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[42] wing, dancing in the air with unwearied muscles till long past midnight, and supping on honey at last. They come not; but the nobler butterflies soar above us, stoop a moment to the water, and then with a few lazy wavings of their sumptuous wings float far over the oak-trees to the woods they love.

All these hover near the water-lily; but its special parasites are an enamelled beetle (Donacia metallica) which keeps house permanently in the flower, and a few smaller ones which tenant the surface of the leaves,—larva, pupa, and perfect insect, forty feeding like one, and each leading its whole earthly career on this floating island of perishable verdure. The ‘beautiful blue damsel-flies’ alight also in multitudes among them, so fearless that they perch with equal readiness on our boat or paddle, and so various that two adjacent ponds will sometimes be haunted by two distinct sets of species. In the water, among the leaves, little shining whirlwigs wheel round and round, fifty joining in the dance, till, at the slightest alarm, they whirl away to some safer ball-room, and renew the merriment. On every floating log, as we approach it, there is a convention of turtles, sitting in calm debate, like mailed barons, till, as we draw near, they plump into the water, and paddle away for some subaqueous Runnymede. Beneath, the shy and stately pickerel vanishes at a glance, shoals of minnows glide, black and bearded pouts frisk aimlessly, soft water-newts hang poised without motion, and slender pickerel-frogs cease occasionally their submerged croaking, and darting to the surface, with swift vertical strokes, gulp a mouthful of fresh air, and down again to renew the moist soliloquy.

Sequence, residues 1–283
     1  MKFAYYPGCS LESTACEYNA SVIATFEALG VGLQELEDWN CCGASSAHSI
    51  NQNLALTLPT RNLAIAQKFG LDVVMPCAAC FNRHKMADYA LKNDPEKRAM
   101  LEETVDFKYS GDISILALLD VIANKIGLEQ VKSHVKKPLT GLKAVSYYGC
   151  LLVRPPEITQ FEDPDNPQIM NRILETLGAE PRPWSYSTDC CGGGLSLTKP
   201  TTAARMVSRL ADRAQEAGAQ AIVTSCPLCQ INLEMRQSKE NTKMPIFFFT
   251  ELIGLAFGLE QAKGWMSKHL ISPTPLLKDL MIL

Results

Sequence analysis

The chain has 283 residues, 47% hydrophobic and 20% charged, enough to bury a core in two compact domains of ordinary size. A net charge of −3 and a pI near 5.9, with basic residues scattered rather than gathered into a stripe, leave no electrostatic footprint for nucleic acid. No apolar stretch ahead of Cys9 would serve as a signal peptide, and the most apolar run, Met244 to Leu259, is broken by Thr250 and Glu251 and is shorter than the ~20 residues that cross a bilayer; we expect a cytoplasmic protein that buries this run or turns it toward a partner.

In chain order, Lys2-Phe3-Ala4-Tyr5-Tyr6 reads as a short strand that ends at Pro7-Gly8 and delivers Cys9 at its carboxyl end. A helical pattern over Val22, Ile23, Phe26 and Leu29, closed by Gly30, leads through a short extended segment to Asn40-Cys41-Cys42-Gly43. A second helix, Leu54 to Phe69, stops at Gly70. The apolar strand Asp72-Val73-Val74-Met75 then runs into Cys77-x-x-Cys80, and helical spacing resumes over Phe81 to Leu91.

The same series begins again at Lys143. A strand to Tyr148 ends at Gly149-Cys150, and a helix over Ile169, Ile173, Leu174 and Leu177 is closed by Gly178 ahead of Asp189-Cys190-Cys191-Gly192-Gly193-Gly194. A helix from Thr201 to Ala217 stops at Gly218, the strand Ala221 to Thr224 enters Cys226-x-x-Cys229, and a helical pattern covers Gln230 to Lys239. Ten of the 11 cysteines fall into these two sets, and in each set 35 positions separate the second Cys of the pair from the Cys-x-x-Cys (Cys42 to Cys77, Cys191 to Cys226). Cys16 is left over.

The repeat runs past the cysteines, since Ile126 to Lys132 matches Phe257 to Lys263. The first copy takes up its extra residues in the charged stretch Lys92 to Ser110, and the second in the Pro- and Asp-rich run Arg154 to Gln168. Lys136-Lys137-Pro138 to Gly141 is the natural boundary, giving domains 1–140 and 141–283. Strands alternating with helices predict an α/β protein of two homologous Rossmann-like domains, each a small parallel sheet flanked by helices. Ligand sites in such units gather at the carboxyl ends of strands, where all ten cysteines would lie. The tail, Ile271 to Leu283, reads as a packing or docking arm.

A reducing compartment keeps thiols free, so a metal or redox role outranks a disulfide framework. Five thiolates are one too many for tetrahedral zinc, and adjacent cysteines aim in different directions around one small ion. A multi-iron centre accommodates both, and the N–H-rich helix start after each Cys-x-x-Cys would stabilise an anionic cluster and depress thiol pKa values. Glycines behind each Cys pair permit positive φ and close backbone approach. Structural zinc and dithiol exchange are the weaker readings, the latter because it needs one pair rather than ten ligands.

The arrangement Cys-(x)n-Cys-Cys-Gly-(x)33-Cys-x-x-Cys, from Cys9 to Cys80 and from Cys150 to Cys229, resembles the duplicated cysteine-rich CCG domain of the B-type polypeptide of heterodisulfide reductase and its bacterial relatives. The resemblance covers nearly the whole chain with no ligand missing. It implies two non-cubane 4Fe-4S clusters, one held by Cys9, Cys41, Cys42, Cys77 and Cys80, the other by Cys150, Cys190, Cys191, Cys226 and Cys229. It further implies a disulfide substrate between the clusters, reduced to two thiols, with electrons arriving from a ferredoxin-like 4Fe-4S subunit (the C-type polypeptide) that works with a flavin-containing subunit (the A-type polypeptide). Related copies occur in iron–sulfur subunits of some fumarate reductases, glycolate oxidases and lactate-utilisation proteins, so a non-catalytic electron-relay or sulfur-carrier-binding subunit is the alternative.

Time would fail us to tell of the feathered life around us,—the blackbirds that build securely in these thickets, the stray swallows that dip their wings in the quiet waters, and the kingfishers that still bring, as the ancients fabled, halcyon days. Yonder stands, against the shore, a bittern, motionless in that wreath of mist which makes his long-legged person almost as dim as his far-off booming by night. There poises a hawk, before sweeping down to some chosen bough in the dense forest; and there fly a pair of blue-jays, screaming, from tree to tree. As for wild quadrupeds, the race is almost passed away. Far to the north, indeed, the great moose still browses on the lily-pads, and the shy beaver nibbles them; but here the few lingering four-footed creatures only haunt, but do not graze upon, these floating pastures. Eyes more favored than ours may yet chance to spy an otter in this still place; there by the shore are the small footprints of a mink; that dark thing disappearing in the waters yonder, a soft mass of drowned fur, is a muskrat, or ‘musquash’ Later in the season, a mound of earth will be his winter dwelling-place; and these myriad muscle-shells at the water's edge are the remnant of his banquets,—once banquets for the Indians, too.

But we must return to our lilies. There is no sense of wealth like floating in this archipelago of white and

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